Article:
Three: The teacher possesses honesty: During the Schumann – which Hough openly admitted he himself had never studied or played – he looked the student performer square in the eye and said “You have to make this interesting. With all that repetition, it can be really boring.” How refreshing it is to hear that kind of candor. And good teachers know that student always detect faking.

Similarly, when a student played Chopin’s “Bolero,” he confessed that he had never even heard the mish-mash of a piece. That admission comes from a man who is hardly ignorant of the piano repertoire and who has recorded and performed a boatload of Chopin and who studied at Juilliard.

Four: The teacher speaks from personal experience but must also be game and open to new experiences, must be willing to learn as well as teach: Although Hough didn’t know the Bolero, he threw himself into the music and on-the-spot made very helpful suggestions that turned the performance into a more musical and more convincing one.

Five: The teacher needs a sense of detail and concrete to be most helpful. Music especially often reduces one to wordlessness. But Hough was inventive at describing the effect he wanted. “The left hand here is more of a carpet than a piece of furniture, “ he advised at one point. “It’s just there, sort of underfoot and supporting the rest of the music.”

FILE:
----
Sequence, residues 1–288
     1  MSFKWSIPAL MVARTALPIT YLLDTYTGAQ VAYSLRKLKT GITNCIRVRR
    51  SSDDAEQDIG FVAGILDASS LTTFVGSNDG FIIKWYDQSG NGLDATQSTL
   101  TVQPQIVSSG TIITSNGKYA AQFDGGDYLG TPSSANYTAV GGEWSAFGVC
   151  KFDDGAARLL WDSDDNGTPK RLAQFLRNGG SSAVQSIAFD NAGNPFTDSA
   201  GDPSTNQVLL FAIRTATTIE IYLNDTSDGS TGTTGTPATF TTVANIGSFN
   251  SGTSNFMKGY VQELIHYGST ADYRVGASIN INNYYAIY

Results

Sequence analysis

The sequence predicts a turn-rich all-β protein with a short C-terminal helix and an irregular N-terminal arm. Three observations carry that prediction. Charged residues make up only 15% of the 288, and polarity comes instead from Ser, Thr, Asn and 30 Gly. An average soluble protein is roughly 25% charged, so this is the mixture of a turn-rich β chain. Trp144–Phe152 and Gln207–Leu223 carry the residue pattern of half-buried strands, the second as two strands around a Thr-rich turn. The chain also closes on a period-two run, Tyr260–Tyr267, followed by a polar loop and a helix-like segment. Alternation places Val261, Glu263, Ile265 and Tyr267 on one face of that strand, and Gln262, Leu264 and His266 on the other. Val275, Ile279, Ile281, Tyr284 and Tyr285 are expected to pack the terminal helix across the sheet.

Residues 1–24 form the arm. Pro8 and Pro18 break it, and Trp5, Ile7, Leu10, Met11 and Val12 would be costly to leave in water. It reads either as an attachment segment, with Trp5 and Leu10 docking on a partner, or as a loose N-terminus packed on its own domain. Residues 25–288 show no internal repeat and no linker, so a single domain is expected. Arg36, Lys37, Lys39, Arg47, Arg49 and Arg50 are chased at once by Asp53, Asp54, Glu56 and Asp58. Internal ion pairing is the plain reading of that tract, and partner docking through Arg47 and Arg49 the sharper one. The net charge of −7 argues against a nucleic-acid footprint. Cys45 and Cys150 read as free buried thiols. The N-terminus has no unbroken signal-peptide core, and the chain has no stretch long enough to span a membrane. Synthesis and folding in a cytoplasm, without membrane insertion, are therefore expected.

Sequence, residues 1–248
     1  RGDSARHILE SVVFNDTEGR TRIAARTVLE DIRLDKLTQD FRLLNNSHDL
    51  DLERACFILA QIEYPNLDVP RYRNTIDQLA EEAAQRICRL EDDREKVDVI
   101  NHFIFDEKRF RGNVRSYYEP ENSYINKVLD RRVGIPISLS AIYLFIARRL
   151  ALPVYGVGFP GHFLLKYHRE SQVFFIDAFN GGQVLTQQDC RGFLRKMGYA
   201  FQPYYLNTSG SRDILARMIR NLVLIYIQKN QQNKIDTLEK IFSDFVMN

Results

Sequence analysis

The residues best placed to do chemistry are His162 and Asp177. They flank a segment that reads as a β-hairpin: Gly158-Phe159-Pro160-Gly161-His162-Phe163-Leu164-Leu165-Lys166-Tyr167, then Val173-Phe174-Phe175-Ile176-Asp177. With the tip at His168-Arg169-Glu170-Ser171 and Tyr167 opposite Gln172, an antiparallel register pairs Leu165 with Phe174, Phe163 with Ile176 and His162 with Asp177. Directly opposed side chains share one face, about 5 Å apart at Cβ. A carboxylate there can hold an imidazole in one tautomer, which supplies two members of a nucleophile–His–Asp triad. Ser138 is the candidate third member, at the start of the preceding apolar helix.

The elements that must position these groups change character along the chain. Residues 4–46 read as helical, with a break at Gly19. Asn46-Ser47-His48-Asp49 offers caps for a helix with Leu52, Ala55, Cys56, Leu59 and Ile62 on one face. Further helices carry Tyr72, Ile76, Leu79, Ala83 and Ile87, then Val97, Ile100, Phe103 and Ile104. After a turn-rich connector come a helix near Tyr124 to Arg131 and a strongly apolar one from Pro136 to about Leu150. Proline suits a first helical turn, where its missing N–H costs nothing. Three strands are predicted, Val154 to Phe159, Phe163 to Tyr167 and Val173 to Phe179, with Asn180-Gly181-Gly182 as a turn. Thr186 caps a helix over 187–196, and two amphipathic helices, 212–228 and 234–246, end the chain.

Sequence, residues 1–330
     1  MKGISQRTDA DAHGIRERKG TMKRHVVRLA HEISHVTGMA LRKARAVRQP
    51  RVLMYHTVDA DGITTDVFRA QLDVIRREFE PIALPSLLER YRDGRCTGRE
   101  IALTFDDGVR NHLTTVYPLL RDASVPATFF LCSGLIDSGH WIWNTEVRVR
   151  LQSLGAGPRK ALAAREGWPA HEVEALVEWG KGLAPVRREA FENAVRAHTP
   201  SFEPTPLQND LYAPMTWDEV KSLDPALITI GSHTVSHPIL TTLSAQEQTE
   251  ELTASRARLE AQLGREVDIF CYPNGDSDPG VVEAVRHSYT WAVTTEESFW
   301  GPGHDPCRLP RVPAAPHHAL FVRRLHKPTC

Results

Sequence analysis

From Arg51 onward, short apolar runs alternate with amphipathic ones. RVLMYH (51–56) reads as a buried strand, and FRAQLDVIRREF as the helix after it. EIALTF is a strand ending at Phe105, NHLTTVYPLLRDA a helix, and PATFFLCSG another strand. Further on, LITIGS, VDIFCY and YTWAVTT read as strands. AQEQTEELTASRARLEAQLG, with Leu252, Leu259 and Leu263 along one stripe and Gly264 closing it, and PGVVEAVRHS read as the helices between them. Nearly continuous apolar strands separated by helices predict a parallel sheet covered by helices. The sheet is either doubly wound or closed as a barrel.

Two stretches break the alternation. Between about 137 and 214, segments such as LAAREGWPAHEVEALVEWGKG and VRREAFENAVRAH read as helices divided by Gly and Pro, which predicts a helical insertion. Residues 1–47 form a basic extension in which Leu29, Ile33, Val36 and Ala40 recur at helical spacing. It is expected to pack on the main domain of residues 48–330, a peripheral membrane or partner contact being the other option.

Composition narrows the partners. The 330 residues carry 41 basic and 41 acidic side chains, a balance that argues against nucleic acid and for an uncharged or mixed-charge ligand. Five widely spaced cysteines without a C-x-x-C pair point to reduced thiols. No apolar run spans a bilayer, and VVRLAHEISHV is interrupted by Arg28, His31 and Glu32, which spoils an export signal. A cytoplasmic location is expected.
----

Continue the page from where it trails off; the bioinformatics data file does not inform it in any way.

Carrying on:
To one student, who performed a technically brilliant rendering of Chopin’s sublime “Polonaise-Fantaisie,” which Hough recently recorded, he said simply; “You’re doing all the right things, but I don’t believe you.” In other words, you have to make the music convincing to yourself if it is going to be convincing to the audience and to other listeners. So Hough explored how the student can realize her intentions better, and how music inevitably falls on the ear different than you find it on the page.

He suggested using silence to let the beauty finish. He suggested orchestrating piano pieces with the colors of various instruments — winds, brass, strings — for specific passages. He suggested specific fingering changes – such as focusing on the pinky rather than the thumb (which naturally always sounds louder) in octaves, and how trills always sound better when they are even — with the specific goal of changing the tone or loudness. And he suggested always aiming for a sense of mystery, of improvisation, of the unexpected.